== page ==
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The Pearl by John Steinbeck

The Pearl (original 1947; edition 1970)

by John Steinbeck

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8,894147339 (3.49)1 / 337
Title:The Pearl
Authors:John Steinbeck
Info:Pan Books (1970), Edition: New Impression, Paperback, 96 pages
Collections:Your library

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The Pearl by John Steinbeck (1947)

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English (132)  French (3)  Spanish (3)  All (2)  Italian (2)  Catalan (2)  Norwegian (1)  Swedish (1)  Finnish (1)  All (147)
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The Pearl by John Steinbeck; (5*); The Classics; hardcopy; IN WASHINGTON; ROOT; island native pearl divers; poverty; families;

Another wonderful Steinbeck.
"The Pearl" is one John Steinbeck's smallest books. It is also an intense book, but it is very fluid and easy to read. It is about an island man who, like so many others, goes diving daily with no air, down to the depths of the sea to find pearls to help them eke out a very poor living for their families. These poor people live in little shacks and eat the same gruel day after day and their lives are the same day after day. But they seem a happy people none the less. This is the story of the man who finds "the pearl" of every diver's dream and what happens to him and his family after finding the "pearl".
It is also an "if I could just" story. One always thinks that if this or that were "just to happen" in their lives, things would be wonderful. If you have just one teensy tiny bit of that rolling around in your brain... or not...), you should read this book. It is magnificent!~!~!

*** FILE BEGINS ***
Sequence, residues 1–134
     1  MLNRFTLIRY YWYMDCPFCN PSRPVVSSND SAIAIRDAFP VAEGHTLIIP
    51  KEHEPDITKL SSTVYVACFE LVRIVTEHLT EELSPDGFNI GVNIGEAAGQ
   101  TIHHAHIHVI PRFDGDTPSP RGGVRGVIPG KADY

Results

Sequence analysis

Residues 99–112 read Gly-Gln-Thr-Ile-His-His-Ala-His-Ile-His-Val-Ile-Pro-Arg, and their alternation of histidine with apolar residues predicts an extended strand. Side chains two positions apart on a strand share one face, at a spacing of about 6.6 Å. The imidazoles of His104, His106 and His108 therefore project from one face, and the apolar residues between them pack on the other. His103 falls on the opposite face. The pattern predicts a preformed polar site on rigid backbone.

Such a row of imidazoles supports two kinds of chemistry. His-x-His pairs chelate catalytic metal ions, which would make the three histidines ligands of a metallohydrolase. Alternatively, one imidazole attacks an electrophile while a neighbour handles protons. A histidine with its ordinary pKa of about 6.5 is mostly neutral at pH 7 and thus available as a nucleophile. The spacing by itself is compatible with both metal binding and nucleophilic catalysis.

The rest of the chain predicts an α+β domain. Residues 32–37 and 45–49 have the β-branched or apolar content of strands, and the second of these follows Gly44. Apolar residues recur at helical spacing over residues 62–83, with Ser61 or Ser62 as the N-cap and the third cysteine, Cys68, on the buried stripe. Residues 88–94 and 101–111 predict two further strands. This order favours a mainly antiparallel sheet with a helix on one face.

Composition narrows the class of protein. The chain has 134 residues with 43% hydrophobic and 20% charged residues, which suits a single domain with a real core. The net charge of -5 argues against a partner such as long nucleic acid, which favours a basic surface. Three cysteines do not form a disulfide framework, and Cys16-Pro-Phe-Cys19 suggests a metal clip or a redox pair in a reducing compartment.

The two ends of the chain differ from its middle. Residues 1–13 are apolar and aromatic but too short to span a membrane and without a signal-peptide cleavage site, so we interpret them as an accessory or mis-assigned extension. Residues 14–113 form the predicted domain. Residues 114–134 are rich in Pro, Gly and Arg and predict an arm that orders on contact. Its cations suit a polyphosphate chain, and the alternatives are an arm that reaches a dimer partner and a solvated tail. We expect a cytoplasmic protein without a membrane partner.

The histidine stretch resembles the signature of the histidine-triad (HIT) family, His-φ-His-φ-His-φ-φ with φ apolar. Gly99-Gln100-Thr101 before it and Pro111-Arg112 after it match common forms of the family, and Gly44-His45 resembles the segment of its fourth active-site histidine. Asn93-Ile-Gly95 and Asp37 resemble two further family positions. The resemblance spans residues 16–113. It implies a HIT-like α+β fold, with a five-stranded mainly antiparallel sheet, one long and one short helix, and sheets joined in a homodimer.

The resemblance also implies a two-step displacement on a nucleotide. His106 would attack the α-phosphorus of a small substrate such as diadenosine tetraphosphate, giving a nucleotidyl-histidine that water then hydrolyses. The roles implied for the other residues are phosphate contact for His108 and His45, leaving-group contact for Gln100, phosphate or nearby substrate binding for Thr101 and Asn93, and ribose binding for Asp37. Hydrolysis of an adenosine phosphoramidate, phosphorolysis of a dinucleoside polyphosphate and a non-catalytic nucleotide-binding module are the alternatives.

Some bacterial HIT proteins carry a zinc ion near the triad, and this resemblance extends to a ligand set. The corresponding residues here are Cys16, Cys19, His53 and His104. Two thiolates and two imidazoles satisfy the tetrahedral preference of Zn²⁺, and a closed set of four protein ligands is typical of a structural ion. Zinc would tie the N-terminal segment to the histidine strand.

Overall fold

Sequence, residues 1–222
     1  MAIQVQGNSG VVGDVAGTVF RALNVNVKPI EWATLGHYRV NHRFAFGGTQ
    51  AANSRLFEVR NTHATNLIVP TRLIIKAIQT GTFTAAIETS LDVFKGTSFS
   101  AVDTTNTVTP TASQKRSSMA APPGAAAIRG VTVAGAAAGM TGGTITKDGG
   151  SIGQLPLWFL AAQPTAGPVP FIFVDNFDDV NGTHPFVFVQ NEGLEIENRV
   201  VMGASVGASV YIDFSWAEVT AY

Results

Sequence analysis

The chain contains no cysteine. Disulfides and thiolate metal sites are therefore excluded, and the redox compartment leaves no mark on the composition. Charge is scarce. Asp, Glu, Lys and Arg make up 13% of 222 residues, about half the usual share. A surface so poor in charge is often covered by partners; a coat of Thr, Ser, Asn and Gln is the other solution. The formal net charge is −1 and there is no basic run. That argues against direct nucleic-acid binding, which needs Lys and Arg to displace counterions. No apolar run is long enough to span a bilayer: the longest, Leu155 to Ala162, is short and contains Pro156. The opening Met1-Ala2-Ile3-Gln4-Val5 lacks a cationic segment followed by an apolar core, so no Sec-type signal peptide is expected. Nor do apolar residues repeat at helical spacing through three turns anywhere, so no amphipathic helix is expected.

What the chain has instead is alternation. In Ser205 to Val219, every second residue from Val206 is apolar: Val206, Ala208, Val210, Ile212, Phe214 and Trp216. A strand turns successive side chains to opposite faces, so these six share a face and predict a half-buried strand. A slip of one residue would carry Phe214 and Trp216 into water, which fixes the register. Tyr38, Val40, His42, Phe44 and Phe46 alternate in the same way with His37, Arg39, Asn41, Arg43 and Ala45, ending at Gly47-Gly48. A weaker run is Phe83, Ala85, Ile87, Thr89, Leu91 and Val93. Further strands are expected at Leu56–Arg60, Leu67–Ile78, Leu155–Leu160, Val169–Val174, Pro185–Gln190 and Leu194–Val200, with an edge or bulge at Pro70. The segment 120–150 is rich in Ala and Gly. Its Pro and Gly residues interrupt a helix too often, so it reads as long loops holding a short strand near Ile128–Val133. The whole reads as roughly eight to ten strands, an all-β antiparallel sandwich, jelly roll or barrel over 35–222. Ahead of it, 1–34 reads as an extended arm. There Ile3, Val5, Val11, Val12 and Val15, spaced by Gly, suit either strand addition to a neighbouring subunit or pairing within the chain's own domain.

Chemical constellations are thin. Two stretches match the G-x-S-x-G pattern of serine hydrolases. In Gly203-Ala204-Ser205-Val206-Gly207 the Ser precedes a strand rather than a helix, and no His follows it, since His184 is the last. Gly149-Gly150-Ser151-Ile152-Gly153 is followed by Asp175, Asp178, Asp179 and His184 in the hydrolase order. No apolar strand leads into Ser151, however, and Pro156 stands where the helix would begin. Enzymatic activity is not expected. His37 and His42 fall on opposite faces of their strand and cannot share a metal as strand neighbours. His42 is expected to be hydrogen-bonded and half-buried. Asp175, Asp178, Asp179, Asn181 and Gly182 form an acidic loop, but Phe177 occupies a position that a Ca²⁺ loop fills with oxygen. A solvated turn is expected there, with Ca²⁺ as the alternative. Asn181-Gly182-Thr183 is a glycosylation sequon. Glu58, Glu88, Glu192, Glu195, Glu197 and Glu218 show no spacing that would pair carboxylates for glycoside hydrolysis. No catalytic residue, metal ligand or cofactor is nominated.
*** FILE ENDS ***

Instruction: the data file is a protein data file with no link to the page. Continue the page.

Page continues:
I highly recommend it. ( )
4 vote rainpebble | Jul 11, 2017 |
Great story that was based on a Mexican tale, I believe. Another fine example of the human condition and how pride and fortune can destroy us if we're not careful. ( )
  omgully | Jul 6, 2017 |
The hungry ghost of early summer has turned in to the hungry guest in the case of this book. Still untethered, I spent the past week with some friends in London to look for work and learn a town. Being a good guest cuts miserably into reading time, but by the end of the week when the excitement wore off I had a few more hours to myself and made up for lost time. This book is one of Zach's favourites and he spoke to me about it while he and Chris and I were canoeing here at the lake. So on Saturday afternoon I took this book and another to read and that's probably all the biography a book review needs.

Zach's notes were written into it, and I read it with his perspective already there in my head. Comments about how not a word was wasted and the perfect tragedy of the ending. A scribbled note at the beginning about how Steinbeck gives names to the characters, realizes them by it, which at least takes off some of the edge off the introductory worry of Steinbeck appropriating a culture's story. But of course, Steinbeck understands the structures of oppression, and he makes them real again, makes them apparent, makes you mad about them. I remembered reading [b:The Grapes of Wrath|18114322|The Grapes of Wrath|John Steinbeck|https://d.gr-assets.com/books/1375670575s/18114322.jpg|2931549] in the space of two days and how upset I was about the problems of the "Oakies" and asking everyone why we weren't doing more about it. Today. However in the case of The Pearl I think that the inequalities depicted really persist, even as the times have changed. ( )
  likecymbeline | Apr 1, 2017 |
For anyone who hasn't read many books by Steinbeck, this novella based on a Mexican folk tale is a great one to start off with. The exception would be if you really love wearing pearl jewelry or believe all people are basically honest and equitable, as the story may influence your feelings about that. Also, pay special attention to the Rod-Serling-like epigraph at the beginning, as that sets the tone for the entire story. ( )
  Lisa805 | Mar 21, 2017 |